Etim Imisim, This Day (Lagos)
June 14, 2005
African civil society organisations (CSOs) have called on the African Union to be prepared to repudiate Africa’s multilateral debts, should the G8 summit scheduled for July fail to
agree on a 100 per cent debt cancellation for the continent without conditions.
The CSOs said that the continent spends US$15 billion to service debt in a year, and that Africa’s debt stock, which currently stands at US$330 billion, had been paid many times over. “Therefore, the continent does not owe any creditors,” the group said in a communique it issued at the end of a two-day conference at Abuja, June 8-9, which
was attended by over 30 CSOs from across Africa. “The G8 must act now to respond to the call for unconditional and total debt cancellation for Africa to meet the MDGs,” said Rev. David Ugolor, the coordinator of Ecowas Network on Debt and Development (ECONDAD).
“Otherwise, we shall be mobilising our people and government to repudiate the odious debt.”
Ugolor said he welcomed the announcement by the G8 at the weekend that it was canceling US$40 billion for poor Third World countries’s debts, most of which are African, but regretted that “the continent would not be able to undergo the painful reforms” that are likely to follow the rich nations’ kind gesture.
He added also that the reprieve was selective and had the tendency to create a division among African countries, as the nations favoured and those not favoured can begin to see themselves in different camps in global politics.
He argued that Nigeria deserved debt cancellation, but had been excluded from the list, and that “This is not a good signal for Africa.”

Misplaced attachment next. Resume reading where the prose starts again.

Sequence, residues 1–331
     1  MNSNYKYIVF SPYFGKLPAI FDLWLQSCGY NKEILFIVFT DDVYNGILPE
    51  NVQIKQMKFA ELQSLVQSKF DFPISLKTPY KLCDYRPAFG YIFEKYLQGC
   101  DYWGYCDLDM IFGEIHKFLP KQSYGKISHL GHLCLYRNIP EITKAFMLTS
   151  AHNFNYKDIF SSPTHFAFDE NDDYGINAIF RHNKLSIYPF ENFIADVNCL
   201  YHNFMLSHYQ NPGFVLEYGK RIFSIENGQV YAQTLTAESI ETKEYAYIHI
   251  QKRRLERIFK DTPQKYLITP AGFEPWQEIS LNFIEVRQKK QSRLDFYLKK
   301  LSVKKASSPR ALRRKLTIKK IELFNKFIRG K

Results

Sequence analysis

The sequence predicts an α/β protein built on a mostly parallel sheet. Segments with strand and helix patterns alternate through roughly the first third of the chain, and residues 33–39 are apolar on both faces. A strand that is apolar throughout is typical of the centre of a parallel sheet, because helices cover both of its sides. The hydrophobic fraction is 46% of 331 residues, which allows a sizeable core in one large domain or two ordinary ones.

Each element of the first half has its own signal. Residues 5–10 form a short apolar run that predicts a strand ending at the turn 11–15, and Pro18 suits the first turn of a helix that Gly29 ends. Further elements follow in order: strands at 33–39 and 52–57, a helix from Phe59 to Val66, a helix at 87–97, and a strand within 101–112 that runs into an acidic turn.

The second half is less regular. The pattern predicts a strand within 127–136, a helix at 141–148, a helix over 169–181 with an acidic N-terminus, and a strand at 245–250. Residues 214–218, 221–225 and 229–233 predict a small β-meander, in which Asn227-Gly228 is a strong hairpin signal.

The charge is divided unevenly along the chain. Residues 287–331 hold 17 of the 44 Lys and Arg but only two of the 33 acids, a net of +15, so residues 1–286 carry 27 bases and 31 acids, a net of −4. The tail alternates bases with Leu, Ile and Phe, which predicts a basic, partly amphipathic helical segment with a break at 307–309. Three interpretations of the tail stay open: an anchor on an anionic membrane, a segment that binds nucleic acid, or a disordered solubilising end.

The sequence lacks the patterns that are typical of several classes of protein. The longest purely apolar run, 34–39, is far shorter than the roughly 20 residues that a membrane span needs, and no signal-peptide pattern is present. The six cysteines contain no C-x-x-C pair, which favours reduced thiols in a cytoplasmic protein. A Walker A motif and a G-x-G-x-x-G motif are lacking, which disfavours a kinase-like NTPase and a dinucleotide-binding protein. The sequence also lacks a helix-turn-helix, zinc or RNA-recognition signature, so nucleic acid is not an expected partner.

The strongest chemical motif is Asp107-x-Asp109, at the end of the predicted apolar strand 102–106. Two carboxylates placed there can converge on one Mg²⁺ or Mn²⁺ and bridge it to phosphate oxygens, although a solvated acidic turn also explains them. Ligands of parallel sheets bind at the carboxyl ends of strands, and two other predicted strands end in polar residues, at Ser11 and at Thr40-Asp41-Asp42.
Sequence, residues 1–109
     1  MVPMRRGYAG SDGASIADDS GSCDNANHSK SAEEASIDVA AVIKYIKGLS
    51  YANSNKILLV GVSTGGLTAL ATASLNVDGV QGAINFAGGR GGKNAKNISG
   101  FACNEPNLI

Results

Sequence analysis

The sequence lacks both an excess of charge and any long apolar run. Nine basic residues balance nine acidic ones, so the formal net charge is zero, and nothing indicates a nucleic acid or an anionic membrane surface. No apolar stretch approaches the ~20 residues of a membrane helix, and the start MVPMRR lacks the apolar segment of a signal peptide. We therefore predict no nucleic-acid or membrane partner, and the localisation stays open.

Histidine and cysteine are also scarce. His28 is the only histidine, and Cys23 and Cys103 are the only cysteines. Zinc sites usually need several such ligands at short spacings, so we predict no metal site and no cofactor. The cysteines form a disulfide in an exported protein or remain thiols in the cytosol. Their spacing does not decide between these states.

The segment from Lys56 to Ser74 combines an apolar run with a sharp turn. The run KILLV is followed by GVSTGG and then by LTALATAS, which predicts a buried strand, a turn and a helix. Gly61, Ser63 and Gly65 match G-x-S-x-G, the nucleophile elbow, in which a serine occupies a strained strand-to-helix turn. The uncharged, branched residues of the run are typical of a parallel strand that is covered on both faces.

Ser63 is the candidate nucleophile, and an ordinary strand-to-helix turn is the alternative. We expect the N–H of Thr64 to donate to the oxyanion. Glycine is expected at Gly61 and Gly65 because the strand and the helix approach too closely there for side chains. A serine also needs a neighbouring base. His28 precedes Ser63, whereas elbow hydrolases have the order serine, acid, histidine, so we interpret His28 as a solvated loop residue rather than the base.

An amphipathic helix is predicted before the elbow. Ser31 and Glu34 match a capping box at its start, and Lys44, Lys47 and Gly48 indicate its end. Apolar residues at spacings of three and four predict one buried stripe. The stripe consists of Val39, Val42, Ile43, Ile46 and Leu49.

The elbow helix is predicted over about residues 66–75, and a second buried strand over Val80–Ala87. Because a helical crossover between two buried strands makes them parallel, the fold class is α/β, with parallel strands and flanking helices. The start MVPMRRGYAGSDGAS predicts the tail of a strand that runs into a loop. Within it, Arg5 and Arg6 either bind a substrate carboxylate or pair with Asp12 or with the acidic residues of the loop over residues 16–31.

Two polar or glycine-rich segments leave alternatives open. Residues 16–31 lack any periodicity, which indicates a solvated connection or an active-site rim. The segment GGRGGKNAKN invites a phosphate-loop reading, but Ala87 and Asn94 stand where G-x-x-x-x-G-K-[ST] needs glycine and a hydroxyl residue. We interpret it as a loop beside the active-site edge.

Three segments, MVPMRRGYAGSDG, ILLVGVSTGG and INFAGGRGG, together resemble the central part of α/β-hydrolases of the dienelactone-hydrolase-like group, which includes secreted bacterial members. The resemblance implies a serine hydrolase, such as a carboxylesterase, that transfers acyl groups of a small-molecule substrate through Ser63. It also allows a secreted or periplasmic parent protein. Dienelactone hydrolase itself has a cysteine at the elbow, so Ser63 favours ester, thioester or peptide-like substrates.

The Abuja conference was organised for the Regional Reality of Aid, where participants said that, despite the huge aid that had flowed to Africa over the years, the continent remained poor because aid had been used to exacerbate conflict at the expense of combating hunger and diseases.
The participants further said that aid should be divorced from the conditionalities that are often attached to it, and that Africa needed better quality and quantity of aid, as “more than two thirds of aid to Africa goes back to the rich North through overpriced, technical
assistance, cumbersome and ill-coordinated planning, monitoring and evaluation, excessive reporting requirements and administrative costs.” “It is time for G8 governments to move from rhetoric to reality by increasing real development aid to African countries,” said Ms. Moreblessing Chidaushe of African Forum on Debt and Development (AFRODAD), from Zimbabwe.
The theme of the conference was “Conflict, Security and Development,” organised by AFRODAD and ECONDAD.
“The AU to take a firm stand on corruption,” the group advised.